42 Pseudorandom Generators from 1-1 OWF [Hastad-Impagliazzo-Levin-Luby `89] H(F k (Z k )) = |Z k | H pe 1 (F k (Z k )) = |Z k |+k ¢ log n Extractor w/efficient list-decoding [TZ01] H(X|f(X))=0 H u 1 (X|f(X)) = (log n) F(X,R) = (f(X),R,Ext 1 (X,R)) pseudoentropy generator

43 Pseudorandom Generators from 1-1 OWF [Hastad-Impagliazzo-Levin-Luby `89] H(F k (Z k )) = |Z k | H pe 1 (F k (Z k )) = |Z k |+k ¢ log n Extractor w/efficient list-decoding [TZ01] H(X|f(X))=0 H u 1 (X|f(X)) = (log n) F(X,R) = (f(X),R,Ext 1 (X,R)) Efficient extractor H(G(Z k,S)) · |S|+|Z k | G(Z k,S) indist. from (S,U |Z k |+1 ) G(Z k,S) = (S,Ext 2 (F k (Z k ),S))

44 Pseudorandom Generators from 1-1 OWF [Hastad-Impagliazzo-Levin-Luby `89] H(F k (Z k )) = |Z k | H pe 1 (F k (Z k )) = |Z k |+k ¢ log n Extractor w/efficient list-decoding [TZ01] H(X|f(X))=0 H u 1 (X|f(X)) = (log n) F(X,R) = (f(X),R,Ext 1 (X,R)) Efficient extractor H(G(Y)) · |Y| G(Y) indist. from U |Y|+1 G(Z k,S) = (S,Ext 2 (F k (Z k ),S))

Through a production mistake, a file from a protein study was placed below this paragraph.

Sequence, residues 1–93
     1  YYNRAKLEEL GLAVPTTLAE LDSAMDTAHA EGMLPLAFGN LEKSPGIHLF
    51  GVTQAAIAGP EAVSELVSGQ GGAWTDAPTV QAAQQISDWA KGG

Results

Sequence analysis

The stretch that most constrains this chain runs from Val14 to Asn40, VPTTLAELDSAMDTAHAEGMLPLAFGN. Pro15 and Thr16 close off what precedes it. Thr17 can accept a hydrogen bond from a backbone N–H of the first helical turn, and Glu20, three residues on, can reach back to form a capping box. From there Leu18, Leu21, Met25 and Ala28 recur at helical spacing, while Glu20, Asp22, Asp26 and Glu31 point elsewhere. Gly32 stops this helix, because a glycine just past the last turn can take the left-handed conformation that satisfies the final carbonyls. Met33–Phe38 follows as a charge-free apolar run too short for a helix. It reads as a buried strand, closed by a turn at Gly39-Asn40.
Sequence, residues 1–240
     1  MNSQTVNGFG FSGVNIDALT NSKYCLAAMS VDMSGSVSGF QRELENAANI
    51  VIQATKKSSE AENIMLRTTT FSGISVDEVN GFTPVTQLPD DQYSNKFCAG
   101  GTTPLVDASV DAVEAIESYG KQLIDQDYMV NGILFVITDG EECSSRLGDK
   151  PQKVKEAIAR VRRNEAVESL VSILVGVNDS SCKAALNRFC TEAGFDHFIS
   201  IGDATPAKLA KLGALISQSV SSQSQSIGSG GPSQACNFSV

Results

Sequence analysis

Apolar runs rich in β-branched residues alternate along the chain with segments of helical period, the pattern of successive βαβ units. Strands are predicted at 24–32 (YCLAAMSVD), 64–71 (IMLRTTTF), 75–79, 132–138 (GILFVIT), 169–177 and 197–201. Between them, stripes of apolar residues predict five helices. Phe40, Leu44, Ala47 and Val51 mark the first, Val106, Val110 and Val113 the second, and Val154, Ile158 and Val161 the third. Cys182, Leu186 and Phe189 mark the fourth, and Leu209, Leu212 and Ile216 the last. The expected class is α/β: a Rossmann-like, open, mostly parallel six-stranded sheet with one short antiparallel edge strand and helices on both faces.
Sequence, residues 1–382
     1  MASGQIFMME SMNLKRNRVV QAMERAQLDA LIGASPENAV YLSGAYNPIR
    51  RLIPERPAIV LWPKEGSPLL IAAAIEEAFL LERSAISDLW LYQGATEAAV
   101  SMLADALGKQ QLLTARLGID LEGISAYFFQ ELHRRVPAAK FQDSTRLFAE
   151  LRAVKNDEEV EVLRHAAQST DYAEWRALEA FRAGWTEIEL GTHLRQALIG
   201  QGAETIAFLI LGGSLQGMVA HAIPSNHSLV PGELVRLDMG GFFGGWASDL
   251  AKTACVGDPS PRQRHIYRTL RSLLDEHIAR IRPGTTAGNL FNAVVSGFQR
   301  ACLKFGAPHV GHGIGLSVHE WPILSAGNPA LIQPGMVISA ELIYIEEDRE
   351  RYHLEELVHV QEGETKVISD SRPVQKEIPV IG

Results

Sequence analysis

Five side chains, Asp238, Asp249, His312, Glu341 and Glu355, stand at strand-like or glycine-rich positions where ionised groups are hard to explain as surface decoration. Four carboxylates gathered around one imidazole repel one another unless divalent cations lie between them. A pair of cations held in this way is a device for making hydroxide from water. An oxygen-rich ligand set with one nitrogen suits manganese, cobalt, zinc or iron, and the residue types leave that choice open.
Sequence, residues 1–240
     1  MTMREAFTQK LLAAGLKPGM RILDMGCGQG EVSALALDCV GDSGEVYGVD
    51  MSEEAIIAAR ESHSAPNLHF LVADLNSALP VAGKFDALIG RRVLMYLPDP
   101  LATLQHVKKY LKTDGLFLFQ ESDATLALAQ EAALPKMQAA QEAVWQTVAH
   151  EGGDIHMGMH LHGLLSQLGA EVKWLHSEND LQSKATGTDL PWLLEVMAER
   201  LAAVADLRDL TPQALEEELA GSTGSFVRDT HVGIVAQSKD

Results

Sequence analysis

45 Comparing Applications ApplicationLow EntropyHigh EntropyAddl Properties Privacy Amplification H(X|Honest)H 1 (X|Adversary ) Bounded-Storage Model '' Locally computable Biometrics (Fuzzy Ext) '' Handle noisy X CRHF ) SHCH com (X * |F(X * ),F)H 1 (X|F * (X),F * ) 1-1 OWF ) PEGH(X|f(X))H u 1 (X|f(X))Efficient list- decoding PEG ) PRGF(Z)H pe 1 (F(Z))Efficient extractor

46 Conclusions Randomness extractors address a basic problem in crypto: exploiting assymetry of information Language and basic results as important as the actual constructions. Interplay between cryptography, theory of computation, probability & information theory (also combinatorics, algebra, …)

47 Further Reading N. Nisan and A. Ta-Shma. Extracting randomness: a survey and new constructions. Journal of Computer & System Sciences, 58 (1): , R. Shaltiel. Recent developments in explicit constructions of extractors. Bulletin of EATCS, 77:67-95, June S. Vadhan. Randomness extractors & their many guises. Slides from tutorial at FOCS `02. S. Vadhan. Course Notes for CS225: Pseudorandomness.